Luc Delahaye trains his camera on unexpected or unfamiliar aspects of current events from Iraq to Vienna to Chad. Unlike the ceaseless, sensationalist flow of mass media images, Delahaye's photographs of war, natural catastrophes, or political upheaval, evade straightforward interpretation or resolution.
Delahaye began his career as a photojournalist. Specializing in war photography, he covered conflicts in Bosnia, Lebanon, Afghanistan, Rwanda, and Chechnya. A member of the prestigious Magnum Photos agency from 1994 to 2004, Delahaye worked independently or was commissioned by Western news magazines, especially Newsweek. But in the early 1990s, inspired in part by documentary photographer Walker Evans, Delahaye began working on more personal and extended serial projects. He realized several documentary portrait series in France, and in the winter of 1998 travelled to Russia to photograph the social consequences of the country's economic crisis. These color works depicting the struggles of the Russian people were published as a book in 2000.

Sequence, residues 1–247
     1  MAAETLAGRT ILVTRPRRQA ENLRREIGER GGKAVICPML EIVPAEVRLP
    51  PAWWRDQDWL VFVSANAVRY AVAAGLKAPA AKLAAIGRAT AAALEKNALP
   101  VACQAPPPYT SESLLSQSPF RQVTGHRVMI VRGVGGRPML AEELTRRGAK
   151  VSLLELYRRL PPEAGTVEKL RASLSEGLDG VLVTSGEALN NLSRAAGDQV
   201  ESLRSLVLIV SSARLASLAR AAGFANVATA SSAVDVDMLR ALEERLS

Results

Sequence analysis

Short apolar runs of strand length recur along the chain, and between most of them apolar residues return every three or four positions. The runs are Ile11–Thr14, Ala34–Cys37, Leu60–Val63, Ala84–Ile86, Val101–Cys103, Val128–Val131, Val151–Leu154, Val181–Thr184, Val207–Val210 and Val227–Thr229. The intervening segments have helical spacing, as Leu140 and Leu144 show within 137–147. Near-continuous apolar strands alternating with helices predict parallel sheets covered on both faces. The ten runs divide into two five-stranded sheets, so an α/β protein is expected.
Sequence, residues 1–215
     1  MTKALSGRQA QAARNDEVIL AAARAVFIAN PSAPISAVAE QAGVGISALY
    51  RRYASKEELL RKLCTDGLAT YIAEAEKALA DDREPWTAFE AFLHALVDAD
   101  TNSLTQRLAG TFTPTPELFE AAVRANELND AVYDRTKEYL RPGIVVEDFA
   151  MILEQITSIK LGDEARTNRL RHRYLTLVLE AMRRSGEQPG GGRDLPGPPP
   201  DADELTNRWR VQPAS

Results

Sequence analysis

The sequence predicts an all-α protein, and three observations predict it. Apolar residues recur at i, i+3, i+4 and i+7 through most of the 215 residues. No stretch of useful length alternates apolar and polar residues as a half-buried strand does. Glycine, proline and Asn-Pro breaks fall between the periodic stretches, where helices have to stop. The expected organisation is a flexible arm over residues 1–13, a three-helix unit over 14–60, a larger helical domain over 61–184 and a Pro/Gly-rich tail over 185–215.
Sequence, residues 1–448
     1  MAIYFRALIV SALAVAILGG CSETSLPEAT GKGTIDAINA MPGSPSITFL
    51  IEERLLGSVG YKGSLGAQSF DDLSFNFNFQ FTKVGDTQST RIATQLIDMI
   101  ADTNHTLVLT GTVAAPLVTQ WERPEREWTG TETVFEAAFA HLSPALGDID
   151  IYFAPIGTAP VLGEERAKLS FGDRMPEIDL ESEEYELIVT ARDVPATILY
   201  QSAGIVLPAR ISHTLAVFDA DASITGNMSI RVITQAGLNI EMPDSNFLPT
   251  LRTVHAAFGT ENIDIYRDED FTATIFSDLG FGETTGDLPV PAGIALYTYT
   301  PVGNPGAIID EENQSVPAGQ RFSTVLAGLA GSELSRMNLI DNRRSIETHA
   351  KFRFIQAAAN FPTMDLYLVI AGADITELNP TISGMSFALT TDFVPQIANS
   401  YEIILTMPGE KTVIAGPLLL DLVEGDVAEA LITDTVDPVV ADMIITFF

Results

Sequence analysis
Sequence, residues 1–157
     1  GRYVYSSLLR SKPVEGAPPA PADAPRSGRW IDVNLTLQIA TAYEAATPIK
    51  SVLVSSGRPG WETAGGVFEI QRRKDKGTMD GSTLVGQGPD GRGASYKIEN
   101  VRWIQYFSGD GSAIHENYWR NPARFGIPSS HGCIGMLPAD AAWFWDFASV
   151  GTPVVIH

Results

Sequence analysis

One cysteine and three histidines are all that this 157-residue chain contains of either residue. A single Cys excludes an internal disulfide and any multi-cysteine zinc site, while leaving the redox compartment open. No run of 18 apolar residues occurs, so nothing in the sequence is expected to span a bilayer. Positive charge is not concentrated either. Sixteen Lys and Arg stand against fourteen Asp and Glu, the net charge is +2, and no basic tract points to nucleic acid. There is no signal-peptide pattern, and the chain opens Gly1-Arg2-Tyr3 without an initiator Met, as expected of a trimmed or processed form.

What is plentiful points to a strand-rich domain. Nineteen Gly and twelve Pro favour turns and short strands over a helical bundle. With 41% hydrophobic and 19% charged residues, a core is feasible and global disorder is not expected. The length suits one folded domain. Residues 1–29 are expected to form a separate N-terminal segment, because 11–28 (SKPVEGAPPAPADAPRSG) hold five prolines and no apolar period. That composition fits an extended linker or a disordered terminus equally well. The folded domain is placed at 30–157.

In 2001, Delahaye began creating large-scale color photographs of current events. Spanning the globe, Delahaye has photographed a Taliban casualty in Afghanistan, Slobodan Milosevic on trial in The Hague, and central Baghdad shortly after the US invasion. He has also captured gatherings of well-known but often unseen institutions including the World Economic Forum, UN Security Council, and OPEC. A first selection of these color images was published as History in 2003. The size of these exhibited prints emphasizes the fullness and complexity of the events depicted and invites viewers to immerse themselves in their details.